SALT & STRAW ice cream had a completely different flavor — many different flavors — when the Portland-based business opened in Seattle last year.
The candy-striped pint containers looked the same, as did the long lines, abundant free samples and the focus on creative local ingredients. Instead of Portland signatures like Oregon pears matched with Rogue Creamery blue cheese, though, visitors found Seattle-based treats based on local producers from Rachel’s Ginger Beer to Intrigue Chocolate to Ellenos Greek Yogurt.
It’s part of a paradoxical business quest for CEO Kim Malek and her cousin, head ice cream maker Tyler Malek: a business that grows widely and stays local.
“We don’t feel that’s been done before, not on a large scale. We’ve said we want to be the biggest small business in the country,” Tyler says. In each region (outlets also include Northern and Southern California), he collaborates with cheesemakers and chocolatiers, brewers and foragers and farmers, working to reflect each city back upon itself.
“We serve cream and sugar, right?” he says. “It’s a base, and a foundation to tell a lot of different stories.”
Salt & Straw’s own story has taken on the quality of Northwest legend. Kim is a former Seattleite who worked at Starbucks (official title at one point: Director of Frappucino) with Cupcake Royale’s Jody Hall before leaving her “safe mode,” cashing her 401(k) and starting Salt & Straw in 2011 as a Portland pushcart. Tyler had been studying in Asia, earned a business degree and was in culinary school when he heard his cousin’s plans. He said, “I want to make the ice cream!” Kim told me when the Seattle stores first opened in Ballard and on Capitol Hill. “I was like, ‘But you don’t know how to make ice cream!’ ”
As Tyler relates in the new “Salt & Straw Ice Cream Cookbook,” written with J.J. Goode (Clarkson Potter, $25), he promptly walked into Goodwill with $16 and walked out with four ice cream makers and a boatload of inspiration. Salt & Straw has gained fame and fans since for innovations like bone marrow and bourbon-smoked cherries, strawberry honey balsamic with black pepper, even a Halloween “creepy crawly critters” cone with chocolate-covered crickets and toffee-brittle mealworms.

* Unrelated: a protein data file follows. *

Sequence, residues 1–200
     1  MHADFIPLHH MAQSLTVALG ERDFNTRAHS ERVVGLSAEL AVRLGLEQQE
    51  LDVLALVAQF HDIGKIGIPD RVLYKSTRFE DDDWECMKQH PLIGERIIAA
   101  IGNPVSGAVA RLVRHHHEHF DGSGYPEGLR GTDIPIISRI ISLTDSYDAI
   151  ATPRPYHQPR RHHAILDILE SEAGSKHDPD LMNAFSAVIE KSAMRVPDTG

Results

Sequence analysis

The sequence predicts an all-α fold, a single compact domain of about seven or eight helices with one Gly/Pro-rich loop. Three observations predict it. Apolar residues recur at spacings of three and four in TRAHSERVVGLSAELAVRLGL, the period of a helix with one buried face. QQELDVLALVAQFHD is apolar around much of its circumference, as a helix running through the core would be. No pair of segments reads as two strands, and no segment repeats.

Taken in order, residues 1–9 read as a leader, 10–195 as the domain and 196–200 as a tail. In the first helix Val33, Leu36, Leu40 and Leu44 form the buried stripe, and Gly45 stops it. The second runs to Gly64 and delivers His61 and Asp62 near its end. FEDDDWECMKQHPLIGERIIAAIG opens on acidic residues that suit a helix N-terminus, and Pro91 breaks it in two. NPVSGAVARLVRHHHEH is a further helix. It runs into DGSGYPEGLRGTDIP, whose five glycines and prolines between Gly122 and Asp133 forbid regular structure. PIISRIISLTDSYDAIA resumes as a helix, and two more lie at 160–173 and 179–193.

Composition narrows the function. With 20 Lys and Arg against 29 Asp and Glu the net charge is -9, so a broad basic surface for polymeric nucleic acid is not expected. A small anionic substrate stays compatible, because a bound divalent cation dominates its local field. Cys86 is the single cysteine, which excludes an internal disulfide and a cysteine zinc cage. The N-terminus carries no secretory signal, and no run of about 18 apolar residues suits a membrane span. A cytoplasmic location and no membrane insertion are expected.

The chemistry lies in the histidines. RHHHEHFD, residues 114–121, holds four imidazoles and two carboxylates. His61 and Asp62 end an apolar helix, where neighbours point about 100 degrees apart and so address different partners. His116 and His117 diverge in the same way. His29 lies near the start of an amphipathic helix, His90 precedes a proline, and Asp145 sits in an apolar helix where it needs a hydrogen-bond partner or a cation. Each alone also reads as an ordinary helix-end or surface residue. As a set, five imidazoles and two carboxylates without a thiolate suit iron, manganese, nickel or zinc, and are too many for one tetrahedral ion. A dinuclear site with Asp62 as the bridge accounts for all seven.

In the cookbook, Tyler shares secrets about specific Salt & Straw flavors, making snickerdoodles with extra cream of tartar and baking soda so they’ll have the appropriate texture when frozen, steeping hops in vodka to “harness” the flavor of beer, and candying pear to intensify a delicate flavor that’s otherwise muffled by butterfat. (If you do want to put edible flowers in your ice cream, it’s handy to know that pansies and borage are “peppery and juicy” and don’t require extra prep work.)
But Tyler’s hope was also to show how fun and unintimidating ice cream can be at its best, how nailing a simple base recipe lets you express your own ideas the way he tries to personify a city.
“For me, I think ice cream is much more like a savory food than it is a baked good or pastry. It’s very free-form, and you can have a lot of fun with how you add ingredients and integrate textures and flavors and colors. I want to bring that sense of approachability to ice cream …” he says. “The reality is, it shouldn’t be that scary.”
For the Maleks, there’s nothing scary about flavors, just questions about the bigger nuts and bolts of a business that’s expanded widely since big-time restaurateur Danny Meyer invested in Salt & Straw in 2017. The most confounding test so far: being approached to open a branch at Disneyland.
“On the one hand, it was an incredible honor, and on the other hand, we had to question if this was going to fundamentally change who we are,” Kim says. They sent the Disney team their flavors (starting in 2019, at least 20% at all stores are vegan); pictures of their staffers (Disney is notoriously not keen on tattoos and piercings); and asked, “Is this what you really want?” After “soul-searching” on both sides, the store opened last year, unadulterated — and very successful.
“I think for both us and Disney, it’s been an eye-opener (on) how tastes and attitudes are changing about food more broadly … ” Kim says.
Ultimately, “We thought, ‘If we are going to do this, if we’re going to enter what some people might consider to be a really commercial endeavor, we’re going to prove you can do it in a different way.’ ”
Small or big, small and big, “We can use that platform for good.”